Another Earth

23 Nov

That’s no moon. You would be forgiven for comparing Another Earth to Lars von Trier’s Melancholia – another recent film that features a rather large object in the sky – but they couldn’t be more different. There’s no depression here and the world doesn’t end. In fact, this low-budget indie is one of the most interesting films of the year.

Rhoda Williams (Brit Marling) is a bright student who was accepted into MIT but ends up serving a prison sentence. Why? While driving under the influence she puts John Burroughs (William Mapother) in a coma as well as killing his wife and five-year-old son. When she gets out, she doesn’t go for a job that fits her talents but opts to clean – atoning for her sins in a Lady Macbethian manner – and ends up volunteering to clean for Burroughs. Meanwhile a planet dubbed Earth 2 has appeared in the sky and contact is made with what turns out to be parallel versions of ourselves.

Visually, the film is beautiful and all the more so when you realise how small the budget was ($200,000!). Grainy, handheld camerawork helps to anchor the film firmly in reality, preventing it from floating off into clinical Kubrickian territory. The soundtrack is haunting and ethereal – the perfect compliment to the film, particularly the character of Rhoda.

Brit Marling carries every scene with her low-key, naturalistic acting with facial expressions a pivotal means of understanding her complex character. Rhoda is withdrawn from life, full of angst and burdened with regret that fuels her self-destructive behaviour. She sets out to atone for her sins but ends up manipulating the man she victimised in the first place. Burroughs’ performance is more straightforward, less remarkable but equally as affecting as a man who has lost everything he held dear.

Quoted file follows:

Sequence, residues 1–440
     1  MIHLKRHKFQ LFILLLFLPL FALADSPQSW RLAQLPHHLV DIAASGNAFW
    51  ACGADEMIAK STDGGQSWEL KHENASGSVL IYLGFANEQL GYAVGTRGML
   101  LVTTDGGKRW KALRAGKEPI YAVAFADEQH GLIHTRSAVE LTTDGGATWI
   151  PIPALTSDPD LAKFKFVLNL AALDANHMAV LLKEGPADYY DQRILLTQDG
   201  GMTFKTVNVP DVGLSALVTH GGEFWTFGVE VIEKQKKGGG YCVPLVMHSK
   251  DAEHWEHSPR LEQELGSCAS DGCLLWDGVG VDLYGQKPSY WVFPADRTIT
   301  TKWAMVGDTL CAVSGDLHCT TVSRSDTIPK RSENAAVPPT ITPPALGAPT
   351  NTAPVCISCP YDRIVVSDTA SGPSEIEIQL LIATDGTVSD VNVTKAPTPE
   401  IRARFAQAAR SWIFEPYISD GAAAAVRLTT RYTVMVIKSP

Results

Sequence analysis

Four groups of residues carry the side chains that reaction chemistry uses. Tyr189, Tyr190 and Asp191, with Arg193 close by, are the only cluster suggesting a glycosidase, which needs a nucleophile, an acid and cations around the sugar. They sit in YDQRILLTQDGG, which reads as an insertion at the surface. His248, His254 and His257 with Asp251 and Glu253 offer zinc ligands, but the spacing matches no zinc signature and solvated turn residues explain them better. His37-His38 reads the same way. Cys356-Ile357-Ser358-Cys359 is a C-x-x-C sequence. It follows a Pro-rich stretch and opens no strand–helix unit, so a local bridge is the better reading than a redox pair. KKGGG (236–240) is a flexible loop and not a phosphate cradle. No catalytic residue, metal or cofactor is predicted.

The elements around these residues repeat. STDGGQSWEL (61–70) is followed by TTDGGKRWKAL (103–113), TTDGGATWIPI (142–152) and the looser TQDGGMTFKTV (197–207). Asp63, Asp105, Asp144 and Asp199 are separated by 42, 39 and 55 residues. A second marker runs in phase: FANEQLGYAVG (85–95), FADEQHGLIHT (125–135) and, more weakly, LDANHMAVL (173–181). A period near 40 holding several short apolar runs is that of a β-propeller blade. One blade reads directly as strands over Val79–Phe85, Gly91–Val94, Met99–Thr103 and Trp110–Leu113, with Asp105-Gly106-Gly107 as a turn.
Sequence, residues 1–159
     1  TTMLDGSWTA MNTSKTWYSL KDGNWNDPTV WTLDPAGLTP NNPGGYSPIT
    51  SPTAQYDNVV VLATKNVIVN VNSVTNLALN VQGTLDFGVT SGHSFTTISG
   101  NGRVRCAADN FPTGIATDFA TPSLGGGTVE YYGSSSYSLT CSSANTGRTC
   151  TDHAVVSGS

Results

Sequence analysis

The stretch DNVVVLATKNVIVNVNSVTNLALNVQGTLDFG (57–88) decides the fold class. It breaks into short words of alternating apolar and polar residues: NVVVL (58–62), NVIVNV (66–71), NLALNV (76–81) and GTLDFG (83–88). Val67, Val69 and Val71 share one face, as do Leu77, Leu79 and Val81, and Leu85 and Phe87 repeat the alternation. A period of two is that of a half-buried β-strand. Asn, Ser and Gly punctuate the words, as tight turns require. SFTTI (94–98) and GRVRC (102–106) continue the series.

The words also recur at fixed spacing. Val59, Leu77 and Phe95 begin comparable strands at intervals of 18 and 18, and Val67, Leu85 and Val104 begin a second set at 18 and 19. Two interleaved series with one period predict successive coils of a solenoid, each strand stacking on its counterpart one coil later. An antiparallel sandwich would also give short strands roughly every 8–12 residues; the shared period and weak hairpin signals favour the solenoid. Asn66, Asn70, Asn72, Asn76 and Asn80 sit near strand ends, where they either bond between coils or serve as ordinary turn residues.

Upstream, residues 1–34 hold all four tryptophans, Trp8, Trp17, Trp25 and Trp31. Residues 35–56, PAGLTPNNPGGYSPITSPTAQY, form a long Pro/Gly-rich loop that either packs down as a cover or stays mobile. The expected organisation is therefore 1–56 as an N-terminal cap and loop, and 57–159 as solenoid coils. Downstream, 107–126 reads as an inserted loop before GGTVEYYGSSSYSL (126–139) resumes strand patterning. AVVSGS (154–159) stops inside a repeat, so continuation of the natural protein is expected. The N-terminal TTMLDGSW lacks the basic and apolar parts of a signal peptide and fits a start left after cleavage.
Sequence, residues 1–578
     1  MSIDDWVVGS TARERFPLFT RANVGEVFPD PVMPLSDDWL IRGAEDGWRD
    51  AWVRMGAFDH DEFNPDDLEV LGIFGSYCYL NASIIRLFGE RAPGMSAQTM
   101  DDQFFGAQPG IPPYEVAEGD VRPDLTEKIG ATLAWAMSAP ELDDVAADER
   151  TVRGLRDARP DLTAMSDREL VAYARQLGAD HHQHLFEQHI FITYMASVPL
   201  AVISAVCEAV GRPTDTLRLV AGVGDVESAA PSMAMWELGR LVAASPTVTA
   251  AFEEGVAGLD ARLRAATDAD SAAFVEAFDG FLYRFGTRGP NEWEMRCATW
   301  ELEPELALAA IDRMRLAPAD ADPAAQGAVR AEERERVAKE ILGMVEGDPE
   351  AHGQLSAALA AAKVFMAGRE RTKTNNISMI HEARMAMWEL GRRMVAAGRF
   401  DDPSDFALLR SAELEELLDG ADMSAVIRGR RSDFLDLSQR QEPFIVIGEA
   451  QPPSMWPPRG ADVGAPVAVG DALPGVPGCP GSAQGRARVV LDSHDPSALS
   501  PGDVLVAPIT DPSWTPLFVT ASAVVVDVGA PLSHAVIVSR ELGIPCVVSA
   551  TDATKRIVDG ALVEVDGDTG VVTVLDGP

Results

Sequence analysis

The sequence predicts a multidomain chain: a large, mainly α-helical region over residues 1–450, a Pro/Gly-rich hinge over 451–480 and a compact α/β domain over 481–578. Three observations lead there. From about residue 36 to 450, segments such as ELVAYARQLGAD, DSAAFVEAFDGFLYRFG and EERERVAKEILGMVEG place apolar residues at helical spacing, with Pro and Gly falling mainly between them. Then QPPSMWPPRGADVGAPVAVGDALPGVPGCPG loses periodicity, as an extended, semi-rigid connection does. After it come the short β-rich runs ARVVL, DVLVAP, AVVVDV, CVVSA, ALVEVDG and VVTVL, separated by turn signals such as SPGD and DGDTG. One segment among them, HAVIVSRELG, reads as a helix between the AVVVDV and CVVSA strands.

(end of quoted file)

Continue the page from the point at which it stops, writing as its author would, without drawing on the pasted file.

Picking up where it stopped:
Another Earth turns out to be a moving meditation on the choices we make in life and the chances we get to make up for the choices that go wrong. Did the me on Earth 2 make the same mistakes? Can you ever truly be absolved of your sins or only mask your past misdeeds under a facade? The poetic fatalism of the film makes it one of the most doleful films of the year and indeed of the most heartrending films to come out of the sci-fi genre for some time.


Leave a Reply

Fill in your details below or click an icon to log in: Logo

You are commenting using your account. Log Out /  Change )

Google+ photo

You are commenting using your Google+ account. Log Out /  Change )

Twitter picture

You are commenting using your Twitter account. Log Out /  Change )

Facebook photo

You are commenting using your Facebook account. Log Out /  Change )


Connecting to %s

%d bloggers like this: